Top Cybersecurity Threats Our Devs Look For

View All Posts
Web Developer
Jun 8, 2021

As much as we believe in the importance of having a website, it’s still true that every site has the potential to be hacked. Cybersecurity threats are numerous and hackers are consistently evolving and adding to their repertoire. 

So what do you, as someone who has a website, do in this situation? At our St. Louis web development company — working with clients in industries from the financial sector to healthcare — we know web security. Take a look at what you should understand about cybersecurity and how we can help. 

The Risks of Website Insecurity

There are many reasons why an insecure website can cause a snowball effect of problems — some of which can be very costly. Cybersecurity breaches can become litigious depending on the sensitivity of the data or the degree of financial loss to affected users.

A healthcare organization could also face HIPAA compliance violation if electronic healthcare records are exposed to hackers, or users aren’t adequately informed of even potential security breaches.

With much of the web hosted on cloud computing services like AWS (Amazon Web Services), there’s a risk of huge, expensive spikes in cloud computing costs from a DDOS attack, which we’ll discuss a little later. 

The Most Common Website Security Issues

Cross-Site Scripting

Nearly half of all attacks on websites involve cross-site scripting or XSS. This is an injection attack where one party gets another party’s browser to run a malicious script, often via unvalidated input fields.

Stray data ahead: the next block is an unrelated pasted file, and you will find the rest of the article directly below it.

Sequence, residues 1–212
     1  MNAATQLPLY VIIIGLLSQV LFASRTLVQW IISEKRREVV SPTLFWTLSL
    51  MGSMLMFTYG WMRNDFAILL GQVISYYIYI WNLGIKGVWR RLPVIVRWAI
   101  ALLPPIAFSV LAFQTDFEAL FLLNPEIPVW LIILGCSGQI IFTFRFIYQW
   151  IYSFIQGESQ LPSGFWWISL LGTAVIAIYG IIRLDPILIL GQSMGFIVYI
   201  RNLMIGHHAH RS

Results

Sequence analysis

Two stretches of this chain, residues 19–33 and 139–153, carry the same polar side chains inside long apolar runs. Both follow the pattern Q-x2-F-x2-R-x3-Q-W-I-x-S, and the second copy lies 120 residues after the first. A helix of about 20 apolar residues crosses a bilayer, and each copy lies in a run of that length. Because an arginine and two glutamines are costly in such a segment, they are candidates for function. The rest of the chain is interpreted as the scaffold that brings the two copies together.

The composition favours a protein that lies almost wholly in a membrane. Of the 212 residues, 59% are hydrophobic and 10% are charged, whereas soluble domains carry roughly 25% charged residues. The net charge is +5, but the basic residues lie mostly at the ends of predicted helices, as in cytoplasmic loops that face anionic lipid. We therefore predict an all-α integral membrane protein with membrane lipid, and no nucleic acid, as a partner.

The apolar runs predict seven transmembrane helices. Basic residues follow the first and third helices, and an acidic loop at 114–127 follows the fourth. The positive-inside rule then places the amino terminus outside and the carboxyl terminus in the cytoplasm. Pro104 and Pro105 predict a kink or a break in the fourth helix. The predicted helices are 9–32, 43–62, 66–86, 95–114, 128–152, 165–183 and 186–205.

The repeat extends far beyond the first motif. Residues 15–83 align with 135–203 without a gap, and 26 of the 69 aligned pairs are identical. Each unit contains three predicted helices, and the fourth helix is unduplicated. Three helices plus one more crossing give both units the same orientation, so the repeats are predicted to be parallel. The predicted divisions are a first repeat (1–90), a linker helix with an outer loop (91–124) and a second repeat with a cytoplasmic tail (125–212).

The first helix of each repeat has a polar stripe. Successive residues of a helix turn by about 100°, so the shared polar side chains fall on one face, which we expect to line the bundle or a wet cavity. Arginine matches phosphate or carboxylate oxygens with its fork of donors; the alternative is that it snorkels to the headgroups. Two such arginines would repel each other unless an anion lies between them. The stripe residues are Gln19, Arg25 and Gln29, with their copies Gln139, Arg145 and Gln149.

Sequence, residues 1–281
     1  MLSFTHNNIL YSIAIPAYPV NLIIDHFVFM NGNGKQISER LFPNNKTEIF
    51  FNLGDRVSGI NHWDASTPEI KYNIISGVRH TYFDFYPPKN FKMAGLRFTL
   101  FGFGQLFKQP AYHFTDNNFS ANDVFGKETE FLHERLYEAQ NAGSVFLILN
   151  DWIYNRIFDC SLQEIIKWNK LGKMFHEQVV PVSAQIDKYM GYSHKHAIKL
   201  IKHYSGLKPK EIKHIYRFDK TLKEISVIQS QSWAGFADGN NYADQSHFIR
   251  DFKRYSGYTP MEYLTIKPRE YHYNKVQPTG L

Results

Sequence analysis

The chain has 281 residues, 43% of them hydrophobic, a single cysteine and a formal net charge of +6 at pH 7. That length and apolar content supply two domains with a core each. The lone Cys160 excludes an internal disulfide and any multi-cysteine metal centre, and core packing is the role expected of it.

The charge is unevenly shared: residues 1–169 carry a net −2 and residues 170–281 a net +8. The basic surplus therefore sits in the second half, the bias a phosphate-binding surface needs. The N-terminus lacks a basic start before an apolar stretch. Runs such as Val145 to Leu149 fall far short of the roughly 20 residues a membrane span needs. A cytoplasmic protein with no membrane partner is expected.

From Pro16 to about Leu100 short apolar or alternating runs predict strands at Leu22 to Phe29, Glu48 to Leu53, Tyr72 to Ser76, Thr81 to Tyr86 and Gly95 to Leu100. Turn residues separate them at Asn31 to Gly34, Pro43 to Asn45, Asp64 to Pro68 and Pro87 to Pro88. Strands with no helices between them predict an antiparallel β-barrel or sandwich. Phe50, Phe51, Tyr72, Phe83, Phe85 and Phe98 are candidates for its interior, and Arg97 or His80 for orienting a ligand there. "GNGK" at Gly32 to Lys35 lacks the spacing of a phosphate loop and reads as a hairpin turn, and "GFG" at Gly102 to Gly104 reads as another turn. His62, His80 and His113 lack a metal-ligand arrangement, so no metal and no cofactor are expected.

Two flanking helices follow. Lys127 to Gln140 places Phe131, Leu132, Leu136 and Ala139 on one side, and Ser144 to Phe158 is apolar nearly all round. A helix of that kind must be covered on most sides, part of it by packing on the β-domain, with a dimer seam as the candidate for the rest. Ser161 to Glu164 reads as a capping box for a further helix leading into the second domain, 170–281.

Take, for example, a website’s comment section that doesn’t validate or escape code. Someone might put some malicious Javascript into a comment, and another user then views that page. The victim’s browser assumes the script is trustworthy and runs it. The attacker can now do things such as spoof a “session” and impersonate the victim.

Database Injection

This is where an attacker uses (again) an unvalidated input field and gets an unsanitized string into a database. 

To continue with the prior example, say another hacker puts an SQL query into the comment form. This now allows them to do things like drop all of the data, list sensitive information about users and more.

Zero-Day Exploits

In some instances, a hacker reads about an upcoming security patch for a piece of software (such as a WordPress plugin, WordPress itself, a Javascript library or framework) and finds websites that have yet to be patched to exploit the vulnerability addressed in that security patch.

DDOS Attacks

Distributed denial-of-service (or DDoS) attacks involve a hacker overwhelming a server or service’s resources, causing disruption of service. 

Take, for instance, a hacker who uses dozens of bots (a botnet) to make thousands of requests per second to a server. This will subsequently overwhelm the server’s bandwidth and resources until it inevitably crashes.  

Who Is Most Susceptible for Cybersecurity Threats?